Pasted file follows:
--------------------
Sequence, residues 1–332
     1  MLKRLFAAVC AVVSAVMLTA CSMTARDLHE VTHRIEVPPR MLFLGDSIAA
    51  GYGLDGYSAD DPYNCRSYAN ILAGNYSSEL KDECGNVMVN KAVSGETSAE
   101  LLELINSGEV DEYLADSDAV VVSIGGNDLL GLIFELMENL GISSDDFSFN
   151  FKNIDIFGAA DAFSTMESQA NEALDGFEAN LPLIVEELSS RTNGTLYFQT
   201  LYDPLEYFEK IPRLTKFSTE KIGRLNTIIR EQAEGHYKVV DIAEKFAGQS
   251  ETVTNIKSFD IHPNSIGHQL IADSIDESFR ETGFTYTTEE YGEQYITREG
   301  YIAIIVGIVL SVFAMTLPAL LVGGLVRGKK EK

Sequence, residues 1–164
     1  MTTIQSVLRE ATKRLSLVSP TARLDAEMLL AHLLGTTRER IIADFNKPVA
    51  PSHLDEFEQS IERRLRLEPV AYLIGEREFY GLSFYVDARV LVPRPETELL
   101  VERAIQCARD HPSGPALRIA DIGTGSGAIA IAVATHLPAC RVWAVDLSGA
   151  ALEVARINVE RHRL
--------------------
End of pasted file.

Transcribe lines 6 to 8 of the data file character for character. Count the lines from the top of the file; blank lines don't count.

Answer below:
   201  LYDPLEYFEK IPRLTKFSTE KIGRLNTIIR EQAEGHYKVV DIAEKFAGQS
   251  ETVTNIKSFD IHPNSIGHQL IADSIDESFR ETGFTYTTEE YGEQYITREG
   301  YIAIIVGIVL SVFAMTLPAL LVGGLVRGKK EK